Justice Dawson recognized that Canada has certain obligations under the United Nations Convention relating to the Status of Refugees (“Convention”), July 28, 1951, [1969] Can TS No 6, and the Protocol Relating to the Status of Refugees, 31 January 1967, 606 UNTS 267, Can TS 1969 No 29 (“Protocol”). For example, Article 2 of the Protocol requires the adoption of laws making it a criminal offence to smuggle migrants intentionally and for financial or other material benefit.

These obligations, however, do not require that signatory countries enact legislation that exactly mirrors the language of those international instruments. As Justice Dawson argues, signatory states are entitled to create laws that criminalize a broader range of conduct.

Broader Context: Common Sense and Appulonappa

The interplay between the provisions in the IPRA regarding people or human smuggling and the international instruments of the Convention and the Protocol is also at issue in the upcoming SCC appeal of R v Appulonappa2014 BCCA 163. In Appulonappa, the SCC will have to decide whether s. 117 of the IPRA should be interpreted in such a way that those who assist refugees for altruistic reasons face the possibility of criminal sanctions.

B010 and Appulonappa also deal with the role of administrative discretion. In Appulonappa, the British Columbia Court of Appeal argued that s. 117’s requirement of the Attorney General’s consent would limit prosecution to appropriate cases.

In B010, Justice Dawson notes that, pursuant to s. 44(1) and (2) of the IRPA, inadmissibility proceedings are initiated through the decision of an officer to prepare a report, and the Minister’s decision to refer the report to the IRB. She states that common sense should prevail in cases where family members assist other family members in fleeing persecution to Canada or in instances involving those helping refugees for humanitarian reasons.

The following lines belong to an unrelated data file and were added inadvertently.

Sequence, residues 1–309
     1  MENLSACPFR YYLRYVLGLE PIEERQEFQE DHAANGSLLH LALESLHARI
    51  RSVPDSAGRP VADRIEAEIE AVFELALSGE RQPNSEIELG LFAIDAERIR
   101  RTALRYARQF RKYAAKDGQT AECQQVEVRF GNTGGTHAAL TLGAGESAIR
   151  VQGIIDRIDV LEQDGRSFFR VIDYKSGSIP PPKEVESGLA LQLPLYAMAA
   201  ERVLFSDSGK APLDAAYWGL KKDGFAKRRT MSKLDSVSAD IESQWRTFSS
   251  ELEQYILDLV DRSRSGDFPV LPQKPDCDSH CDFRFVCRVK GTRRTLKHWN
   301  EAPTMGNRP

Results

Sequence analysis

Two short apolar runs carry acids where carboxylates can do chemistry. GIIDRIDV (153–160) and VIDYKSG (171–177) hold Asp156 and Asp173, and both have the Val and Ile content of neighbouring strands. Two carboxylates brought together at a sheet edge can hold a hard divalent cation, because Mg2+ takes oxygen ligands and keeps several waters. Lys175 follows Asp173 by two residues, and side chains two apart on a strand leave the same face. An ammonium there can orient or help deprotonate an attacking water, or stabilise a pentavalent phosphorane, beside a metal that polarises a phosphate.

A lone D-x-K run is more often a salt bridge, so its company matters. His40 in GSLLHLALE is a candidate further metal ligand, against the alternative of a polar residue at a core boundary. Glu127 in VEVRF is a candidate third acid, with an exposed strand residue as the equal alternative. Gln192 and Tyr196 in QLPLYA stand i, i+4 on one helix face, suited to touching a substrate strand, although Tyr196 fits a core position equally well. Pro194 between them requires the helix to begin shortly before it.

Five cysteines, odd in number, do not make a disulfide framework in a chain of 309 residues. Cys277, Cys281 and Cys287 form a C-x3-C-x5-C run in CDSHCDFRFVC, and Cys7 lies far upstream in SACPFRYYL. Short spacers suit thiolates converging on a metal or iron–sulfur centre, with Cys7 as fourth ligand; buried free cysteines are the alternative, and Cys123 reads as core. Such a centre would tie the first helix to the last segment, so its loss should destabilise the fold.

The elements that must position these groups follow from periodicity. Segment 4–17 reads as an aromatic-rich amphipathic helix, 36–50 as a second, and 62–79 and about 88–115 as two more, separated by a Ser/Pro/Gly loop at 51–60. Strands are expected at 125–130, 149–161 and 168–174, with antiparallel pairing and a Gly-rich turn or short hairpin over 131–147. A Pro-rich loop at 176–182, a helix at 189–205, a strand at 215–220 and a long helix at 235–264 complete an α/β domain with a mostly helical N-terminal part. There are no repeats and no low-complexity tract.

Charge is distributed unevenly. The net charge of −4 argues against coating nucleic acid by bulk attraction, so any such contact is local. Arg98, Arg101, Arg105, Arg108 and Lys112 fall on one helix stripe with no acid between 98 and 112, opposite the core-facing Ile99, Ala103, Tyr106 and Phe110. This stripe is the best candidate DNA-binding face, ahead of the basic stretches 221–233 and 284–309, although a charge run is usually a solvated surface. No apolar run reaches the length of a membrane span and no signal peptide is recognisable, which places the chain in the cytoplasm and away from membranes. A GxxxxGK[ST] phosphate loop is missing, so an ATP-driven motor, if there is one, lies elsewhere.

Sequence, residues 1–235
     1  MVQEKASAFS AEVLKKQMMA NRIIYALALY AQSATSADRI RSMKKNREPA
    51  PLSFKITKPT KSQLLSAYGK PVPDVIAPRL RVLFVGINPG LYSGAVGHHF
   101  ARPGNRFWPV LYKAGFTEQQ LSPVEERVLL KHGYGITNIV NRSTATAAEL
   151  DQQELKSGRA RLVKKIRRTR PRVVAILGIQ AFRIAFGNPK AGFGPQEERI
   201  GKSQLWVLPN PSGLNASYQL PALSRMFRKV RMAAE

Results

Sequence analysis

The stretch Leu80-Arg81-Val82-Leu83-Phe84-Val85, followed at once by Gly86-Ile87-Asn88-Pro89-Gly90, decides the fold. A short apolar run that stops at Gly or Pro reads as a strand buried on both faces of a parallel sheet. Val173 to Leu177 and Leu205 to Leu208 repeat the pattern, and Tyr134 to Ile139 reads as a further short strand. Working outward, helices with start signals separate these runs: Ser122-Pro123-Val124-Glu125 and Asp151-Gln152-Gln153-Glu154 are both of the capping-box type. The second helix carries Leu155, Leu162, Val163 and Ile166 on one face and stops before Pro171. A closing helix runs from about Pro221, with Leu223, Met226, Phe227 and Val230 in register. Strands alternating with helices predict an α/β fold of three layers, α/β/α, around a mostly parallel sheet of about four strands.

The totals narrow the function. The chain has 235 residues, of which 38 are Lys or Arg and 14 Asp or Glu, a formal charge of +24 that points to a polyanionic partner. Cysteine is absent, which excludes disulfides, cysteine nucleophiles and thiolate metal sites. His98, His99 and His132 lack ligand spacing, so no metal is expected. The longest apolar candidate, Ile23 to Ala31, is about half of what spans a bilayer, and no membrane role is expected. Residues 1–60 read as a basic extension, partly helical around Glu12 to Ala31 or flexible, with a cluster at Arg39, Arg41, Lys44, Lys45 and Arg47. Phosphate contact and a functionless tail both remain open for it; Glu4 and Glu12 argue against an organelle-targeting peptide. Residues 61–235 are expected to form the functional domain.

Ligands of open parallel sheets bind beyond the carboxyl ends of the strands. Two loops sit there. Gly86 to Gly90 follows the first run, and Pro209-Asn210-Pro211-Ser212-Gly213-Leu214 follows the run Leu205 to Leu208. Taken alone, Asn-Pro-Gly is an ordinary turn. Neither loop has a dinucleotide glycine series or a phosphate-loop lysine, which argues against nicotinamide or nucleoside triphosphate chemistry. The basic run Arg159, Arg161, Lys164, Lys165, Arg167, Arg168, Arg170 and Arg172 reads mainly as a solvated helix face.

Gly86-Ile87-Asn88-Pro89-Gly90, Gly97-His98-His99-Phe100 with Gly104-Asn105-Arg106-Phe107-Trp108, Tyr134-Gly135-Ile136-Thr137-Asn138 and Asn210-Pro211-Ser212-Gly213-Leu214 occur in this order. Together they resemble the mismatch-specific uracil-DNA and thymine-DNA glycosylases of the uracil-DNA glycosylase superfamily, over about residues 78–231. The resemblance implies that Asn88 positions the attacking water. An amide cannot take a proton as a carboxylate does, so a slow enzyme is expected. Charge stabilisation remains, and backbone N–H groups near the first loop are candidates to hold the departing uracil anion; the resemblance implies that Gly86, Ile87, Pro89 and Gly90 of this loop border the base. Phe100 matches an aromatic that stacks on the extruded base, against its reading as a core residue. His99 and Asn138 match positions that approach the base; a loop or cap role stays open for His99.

However, Justice Dawson’s view of ministerial discretion protecting those undeserving of prosecution is problematized by the position the Crown put forward in Appulonappa that those that aid in smuggling migrants for family or humanitarian reasons should not be exempted from criminal sanctions because of domestic concerns about border control.

Furthermore, Justice Dawson states that inadmissible persons can still apply for relief on humanitarian and compassionate grounds, under s. 37(2)(a) of the IRPA, or apply for a pre-removal risk assessment. While technically true, she does not engage in a fulsome analysis of how likely one could actually obtain ministerial relief through these measures.


B010 and Appulonappa underline the complexities that arise when interpreting domestic laws enacted in compliance with international instruments to which Canada is a signatory and the need for clarity in this area of law. The SCC’s upcoming decisions in these cases will hopefully clarify the role these instruments play in interpreting legislation such as ss. 37(1)(b) and 117 of the IRPA.